Chapman named gallery manager of the ArtsCenter on Main
By ANGIE HAFLICH
By ANGIE HAFLICH
Little did Laurie Chapman know when she took on the volunteer executive director role with Garden City Arts a few months ago that she would become the executive director of the organization and also end up serving as interim manager of the Garden City Arts Gallery.
But Chapman says she is up for the challenge and is seeking to not only help the organization become more community-minded, but also to make it more self-sustaining.
"We just wanted to put the title in front of my name to show people that we're serious about this, that this is not just a gallery, (but that) we've got someone in here who's going to push the envelope, who's going to develop the programs, who's going to find the funding, so that we can be self-sustaining," Chapman said. "What that will entail is I'll be executive director and gallery manager until we can find funding to actually hire a gallery manager, because really, in order to tackle both positions you need two people, but because funding has been the way it's been, we're going to make due until we get to that point."
Chapman, whose first day in her new role was Tuesday, said that she and the board, which held its annual meeting Tuesday night, hope to take the GCA and the art gallery in a new direction.
Last year, when it was announced that funding for the arts in Kansas was being cut, there was concern that the gallery might have to shut its doors, but Chapman said that in the past few months, the board has tightened its belt, cutting unnecessary expenses and staying within budget on others. It also helped her to see the importance of being self-sustaining.
"That's one of the things that I've learned in the studying I've done is we need to be 60 percent self-sustaining, and we haven't been there in the past. So getting there will be a trial, but I think it's going to be a fun challenge," she said. "I think there's probably five new programs that we're going to unveil this year that we're hoping will bring in revenue for us, so we don't always rely on grants and fundraising and all the things that typically come with a nonprofit."
One of the programs already in place involves utilizing high school and college interns. Chapman said it helps her manage her workload and also helps the students develop work skills.
"It also helps us get grants," Chapman said, adding that a new state funding model that evolved with Gov. Sam Brownback requires that grant seekers institute a program that involves youth and gives them key work skills.
Chapman said they were unaware of this caveat when they started the intern program, so she was pleasantly surprised to realize they were already meeting that requirement. She still hesitates to rely too heavily on state funding, however.
"I did a lot of studying over the past, and I studied what other art centers are doing and how they were able to make it work, and we're using other people's success as a model. And if it's worked for them, how could it not work for us," she said.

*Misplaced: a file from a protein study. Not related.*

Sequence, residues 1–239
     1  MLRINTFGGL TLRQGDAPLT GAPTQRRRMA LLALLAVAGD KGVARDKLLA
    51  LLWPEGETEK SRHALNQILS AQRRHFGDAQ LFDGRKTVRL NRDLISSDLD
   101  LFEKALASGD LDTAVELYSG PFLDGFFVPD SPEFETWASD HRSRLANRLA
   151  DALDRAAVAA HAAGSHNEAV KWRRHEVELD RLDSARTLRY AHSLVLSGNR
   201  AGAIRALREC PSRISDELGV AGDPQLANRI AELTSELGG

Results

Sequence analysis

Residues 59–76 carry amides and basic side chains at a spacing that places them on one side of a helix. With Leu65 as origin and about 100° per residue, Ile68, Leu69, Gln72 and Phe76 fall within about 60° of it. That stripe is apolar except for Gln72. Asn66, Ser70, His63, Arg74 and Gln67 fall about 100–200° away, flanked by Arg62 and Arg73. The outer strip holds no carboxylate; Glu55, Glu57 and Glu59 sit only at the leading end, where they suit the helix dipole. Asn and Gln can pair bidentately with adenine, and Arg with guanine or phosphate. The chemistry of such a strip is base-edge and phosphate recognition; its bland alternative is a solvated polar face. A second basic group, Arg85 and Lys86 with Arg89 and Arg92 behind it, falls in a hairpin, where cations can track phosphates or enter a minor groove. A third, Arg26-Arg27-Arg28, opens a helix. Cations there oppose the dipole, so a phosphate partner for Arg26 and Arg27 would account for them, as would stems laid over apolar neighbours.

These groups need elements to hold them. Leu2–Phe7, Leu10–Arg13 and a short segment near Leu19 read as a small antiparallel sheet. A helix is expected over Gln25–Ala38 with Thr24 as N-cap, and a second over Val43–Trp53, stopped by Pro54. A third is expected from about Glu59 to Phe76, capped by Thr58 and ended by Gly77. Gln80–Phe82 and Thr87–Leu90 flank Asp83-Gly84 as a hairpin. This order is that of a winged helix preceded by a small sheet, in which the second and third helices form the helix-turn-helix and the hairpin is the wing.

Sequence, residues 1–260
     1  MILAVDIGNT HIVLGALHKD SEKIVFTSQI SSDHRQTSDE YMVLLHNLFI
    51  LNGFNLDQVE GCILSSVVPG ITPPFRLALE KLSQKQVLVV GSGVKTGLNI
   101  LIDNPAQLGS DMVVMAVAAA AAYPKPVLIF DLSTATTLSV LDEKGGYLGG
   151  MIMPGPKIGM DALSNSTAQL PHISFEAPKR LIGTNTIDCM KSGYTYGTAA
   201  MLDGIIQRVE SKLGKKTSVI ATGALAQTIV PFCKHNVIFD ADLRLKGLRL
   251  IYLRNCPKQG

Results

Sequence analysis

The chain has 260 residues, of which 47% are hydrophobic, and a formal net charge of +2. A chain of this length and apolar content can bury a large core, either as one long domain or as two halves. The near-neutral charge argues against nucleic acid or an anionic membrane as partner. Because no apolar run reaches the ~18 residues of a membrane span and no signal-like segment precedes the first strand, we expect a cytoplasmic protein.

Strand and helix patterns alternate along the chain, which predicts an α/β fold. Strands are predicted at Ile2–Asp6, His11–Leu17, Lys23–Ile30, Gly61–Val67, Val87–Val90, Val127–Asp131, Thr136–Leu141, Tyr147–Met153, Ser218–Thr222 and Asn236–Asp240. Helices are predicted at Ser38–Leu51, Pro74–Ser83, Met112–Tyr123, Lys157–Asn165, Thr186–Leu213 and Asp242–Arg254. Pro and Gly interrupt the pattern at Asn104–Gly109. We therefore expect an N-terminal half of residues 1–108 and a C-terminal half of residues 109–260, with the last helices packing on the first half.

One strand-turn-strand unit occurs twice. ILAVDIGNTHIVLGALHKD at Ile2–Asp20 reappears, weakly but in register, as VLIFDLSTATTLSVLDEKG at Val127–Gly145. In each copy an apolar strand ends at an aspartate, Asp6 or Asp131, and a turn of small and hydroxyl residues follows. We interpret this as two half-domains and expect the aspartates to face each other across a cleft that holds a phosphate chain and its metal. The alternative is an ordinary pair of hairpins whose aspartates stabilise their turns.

All of the programs she hopes to develop are community-minded.
"I think that's what community organizations like ours are suppose to be doing. We're supposed to be filling in the gaps and meeting needs, and that fits with our mission, which is to enrich lives and encourage creativity. I think our new programs are going to do exactly like that," she said.
Some of the programs, such as The Never-Ending Workshop and Artful Afternoons, which were launched in 2012, promote art appreciation and provide art education to grade school students.
With those programs, donations were suggested, but not required of those who couldn't afford it. Chapman said this prompted local sponsors to cover some of the costs involved.
"And now we have a little bit of a fund built up to where we can start doing that again this summer, and we've got some money set aside that we can buy the supplies and roll it out again," she said.
While the GCA will continue to hold fundraising events, such as the annual garden party in June, Chapman said the focus is to provide more programs and services to the community.
"The other thing that we started this last year is we started renting this gallery, so we had two events and it was just gorgeous in here the way they set it up. You have the beautiful art on the wall, so I thought that was just right in tune with what we imagined would happen here," she said, adding that the art exhibits will continue as normal.
During Tuesday's meeting, election for board positions also took place. The selections were: Lara Bors, president; Nancy Harness, vice president; Elizabeth Baker, secretary; Risa DeVaney, treasurer; and Juliann Morland DaVee, corresponding secretary. The board of directors for 2013 includes Deb Huber, Alejandra Juarez, Anson Pruneda, Dominic Varrichio and Julie Nelson.